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Fighting corruption ‘reason for my life’ – Ombudsman

'I was probably born to detest corruption, to condemn corruption, because I'm not corrupt myself,' Ombudsman Conchita Carpio Morales says in a Rappler Talk interview

REASON FOR LIFE. Ombudsman Conchita Carpio Morales says fighting corruption has been the 'reason' for her life. Rappler photo

MANILA, Philippines – From her years in the judiciary to her latest role investigating and prosecuting erring public officials, Ombudsman Conchita Carpio Morales has sought to stamp out corruption – calling it the “reason” for her life. 

“I was probably born to detest corruption, to condemn corruption, because I’m not corrupt myself. I could see that corruption is rearing its ugly head, but I hate corruption and I vowed that I’ll never, ever allow corruption to rule,” Morales said in a Rappler Talk interview.

For the past 4-and-a-half years, Morales has led the agency mandated to probe and hold public officials accountable. She has gone against prominent officials such as Vice President Jejomar Binay, his son, dismissed Makati Mayor Jejomar Erwin “Junjun” Binay Jr, and Senator Juan Ponce Enrile, among others.

While critics have accused the Ombudsman of being under the “remote control” of the ruling Liberal Party, Morales has shrugged off allegations of selective justice and even dared her critics to impeach her.

Morales was appointed Ombudsman in late July 2011, after 9 years serving as Supreme Court associate justice. 

Culture of corruption

For Morales, the challenge is to minimize – not eradicate – incidents of corruption, adding that it will take “strong and honest men with integrity” to do the job.

“If there are a lot of opportunities for people to commit corruption, and there is no monitoring of the actions of people, then corruption will go on,” she said.

Morales added: “We cannot eradicate it overnight. You have to have the patience to look at the root of corruption, [to know] the cure you’re going to apply.”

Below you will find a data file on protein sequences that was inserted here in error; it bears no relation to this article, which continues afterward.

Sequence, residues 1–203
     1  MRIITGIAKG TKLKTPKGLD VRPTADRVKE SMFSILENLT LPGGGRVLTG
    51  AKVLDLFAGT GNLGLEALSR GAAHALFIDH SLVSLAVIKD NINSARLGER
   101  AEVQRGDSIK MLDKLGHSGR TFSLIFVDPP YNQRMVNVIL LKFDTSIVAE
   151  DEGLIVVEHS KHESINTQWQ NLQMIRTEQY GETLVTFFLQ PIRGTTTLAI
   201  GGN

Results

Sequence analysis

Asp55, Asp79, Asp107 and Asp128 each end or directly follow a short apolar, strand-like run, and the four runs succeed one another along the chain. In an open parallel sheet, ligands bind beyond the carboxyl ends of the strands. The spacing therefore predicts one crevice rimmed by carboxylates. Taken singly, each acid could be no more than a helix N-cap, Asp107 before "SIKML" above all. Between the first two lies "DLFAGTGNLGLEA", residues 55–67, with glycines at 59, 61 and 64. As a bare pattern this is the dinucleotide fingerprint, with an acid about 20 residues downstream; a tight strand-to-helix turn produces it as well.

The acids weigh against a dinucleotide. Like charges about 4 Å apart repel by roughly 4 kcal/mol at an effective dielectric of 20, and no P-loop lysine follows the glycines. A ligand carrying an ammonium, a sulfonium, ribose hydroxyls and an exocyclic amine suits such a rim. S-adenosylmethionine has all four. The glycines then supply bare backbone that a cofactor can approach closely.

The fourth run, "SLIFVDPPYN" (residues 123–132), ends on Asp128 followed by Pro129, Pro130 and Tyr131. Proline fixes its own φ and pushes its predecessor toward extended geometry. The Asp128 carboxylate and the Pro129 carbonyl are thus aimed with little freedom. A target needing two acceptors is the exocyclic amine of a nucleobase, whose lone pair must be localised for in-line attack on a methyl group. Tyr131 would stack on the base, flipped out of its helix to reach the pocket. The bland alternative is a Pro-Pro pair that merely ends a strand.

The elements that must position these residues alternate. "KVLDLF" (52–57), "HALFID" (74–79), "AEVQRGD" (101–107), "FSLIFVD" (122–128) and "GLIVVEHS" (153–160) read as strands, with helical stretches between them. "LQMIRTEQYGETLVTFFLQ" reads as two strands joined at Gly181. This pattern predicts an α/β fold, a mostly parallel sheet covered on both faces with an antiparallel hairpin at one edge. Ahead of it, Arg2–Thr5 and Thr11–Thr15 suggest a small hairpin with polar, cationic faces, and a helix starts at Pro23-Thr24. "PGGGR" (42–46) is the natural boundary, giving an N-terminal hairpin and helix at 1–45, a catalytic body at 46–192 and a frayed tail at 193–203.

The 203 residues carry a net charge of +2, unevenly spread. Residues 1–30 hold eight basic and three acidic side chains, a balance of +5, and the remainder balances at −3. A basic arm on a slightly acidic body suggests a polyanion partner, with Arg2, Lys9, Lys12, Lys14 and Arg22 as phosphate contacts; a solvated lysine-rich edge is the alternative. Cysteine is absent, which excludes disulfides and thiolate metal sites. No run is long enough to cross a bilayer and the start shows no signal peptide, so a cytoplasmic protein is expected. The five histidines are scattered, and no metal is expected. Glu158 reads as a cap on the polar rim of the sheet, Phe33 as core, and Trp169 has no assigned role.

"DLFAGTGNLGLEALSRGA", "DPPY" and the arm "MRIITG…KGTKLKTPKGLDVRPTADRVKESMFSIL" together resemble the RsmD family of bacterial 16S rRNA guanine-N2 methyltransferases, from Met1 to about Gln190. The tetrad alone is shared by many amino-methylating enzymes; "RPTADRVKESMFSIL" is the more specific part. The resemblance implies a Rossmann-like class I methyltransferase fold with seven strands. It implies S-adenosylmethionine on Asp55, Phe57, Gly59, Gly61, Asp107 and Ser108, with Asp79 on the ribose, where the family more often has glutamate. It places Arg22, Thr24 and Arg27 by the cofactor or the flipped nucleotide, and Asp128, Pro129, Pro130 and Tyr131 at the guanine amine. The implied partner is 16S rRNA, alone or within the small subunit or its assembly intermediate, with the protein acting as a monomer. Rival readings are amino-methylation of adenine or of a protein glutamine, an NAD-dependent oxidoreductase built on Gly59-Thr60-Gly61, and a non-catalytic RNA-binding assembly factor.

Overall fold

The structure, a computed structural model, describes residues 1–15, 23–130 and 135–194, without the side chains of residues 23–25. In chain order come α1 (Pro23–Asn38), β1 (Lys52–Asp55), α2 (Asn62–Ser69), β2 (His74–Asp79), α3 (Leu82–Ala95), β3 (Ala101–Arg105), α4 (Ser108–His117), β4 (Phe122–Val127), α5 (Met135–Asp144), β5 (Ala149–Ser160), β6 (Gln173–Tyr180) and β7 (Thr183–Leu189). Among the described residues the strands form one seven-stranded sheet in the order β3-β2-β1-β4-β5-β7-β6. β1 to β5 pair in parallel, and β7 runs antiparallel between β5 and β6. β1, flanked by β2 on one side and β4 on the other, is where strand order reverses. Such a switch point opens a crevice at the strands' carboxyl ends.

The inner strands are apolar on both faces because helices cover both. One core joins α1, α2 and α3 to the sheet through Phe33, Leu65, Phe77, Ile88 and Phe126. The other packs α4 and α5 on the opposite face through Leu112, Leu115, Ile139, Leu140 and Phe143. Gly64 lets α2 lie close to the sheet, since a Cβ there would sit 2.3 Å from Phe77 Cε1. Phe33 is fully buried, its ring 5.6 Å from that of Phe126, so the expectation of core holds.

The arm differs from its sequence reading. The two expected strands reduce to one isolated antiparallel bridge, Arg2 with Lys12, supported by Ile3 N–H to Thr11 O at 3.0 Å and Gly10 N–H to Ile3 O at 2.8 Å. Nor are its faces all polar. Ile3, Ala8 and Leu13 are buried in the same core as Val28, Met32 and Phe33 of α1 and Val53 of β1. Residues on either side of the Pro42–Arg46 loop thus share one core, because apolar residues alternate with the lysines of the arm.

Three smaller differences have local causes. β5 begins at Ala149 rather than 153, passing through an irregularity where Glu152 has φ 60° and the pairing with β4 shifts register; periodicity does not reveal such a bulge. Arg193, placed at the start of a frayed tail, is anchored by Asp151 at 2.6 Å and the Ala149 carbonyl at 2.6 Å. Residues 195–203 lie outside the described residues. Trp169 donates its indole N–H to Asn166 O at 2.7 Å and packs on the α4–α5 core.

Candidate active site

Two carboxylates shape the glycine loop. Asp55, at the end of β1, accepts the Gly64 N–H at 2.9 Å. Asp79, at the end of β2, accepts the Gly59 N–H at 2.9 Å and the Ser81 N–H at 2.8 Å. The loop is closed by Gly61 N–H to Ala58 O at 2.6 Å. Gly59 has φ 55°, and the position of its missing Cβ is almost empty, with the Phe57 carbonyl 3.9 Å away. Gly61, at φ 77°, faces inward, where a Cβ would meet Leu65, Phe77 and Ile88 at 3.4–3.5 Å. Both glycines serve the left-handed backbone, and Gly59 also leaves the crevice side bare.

Much of the reason why corruption continues to plague the ranks of government service, Morales said, is because of the kind of leaders elected to power.

“If the leaders are corrupt, what will prevent the underlings from committing corruption? You give them greener pastures where there are more opportunities for corruption. If they remain undetected, or uncontrolled, or they’re not checked at all, they will be at liberty to commit corruption,” she said.

“But if the leader is not corrupt, the subordinate officials will have fear, or have difficulty committing corruption,” Morales added.

Pace of prosecution

In recent months, Morales’ office has ruled against high-profile personalities. In October 2015, the Ombudsman ordered the dismissal of then Makati mayor Binay and perpetually barred him from holding public office.

Two months after that, the Ombudsman filed criminal charges against former Metro Rail Transit 3 general manager Al Vitangcol III and several others over an alleged anomalous contract. The Vice President himself has also been indicted over the alleged overpricing of a Makati city building.

The Ombudsman has also contested a Supreme Court decision granting bail to the 91-year-old Enrile – a ruling that Morales considered the “lowest point” of her career.

Despite the indictments and cases her office has filed, Morales said there is still public perception that her office is not doing enough to get corrupt public officials convicted.

But she clarified that once cases have been filed in court, the Ombudsman no longer has any control over the pace of the proceedings. 

“They should not blame me. We only present evidence. It’s the courts which determine whether or not the accused is guilty or acquitted,” she said.

“It’s now the courts who would have control but our prosecutors see to it that they oppose all dilatory tactics of the defense,” she added.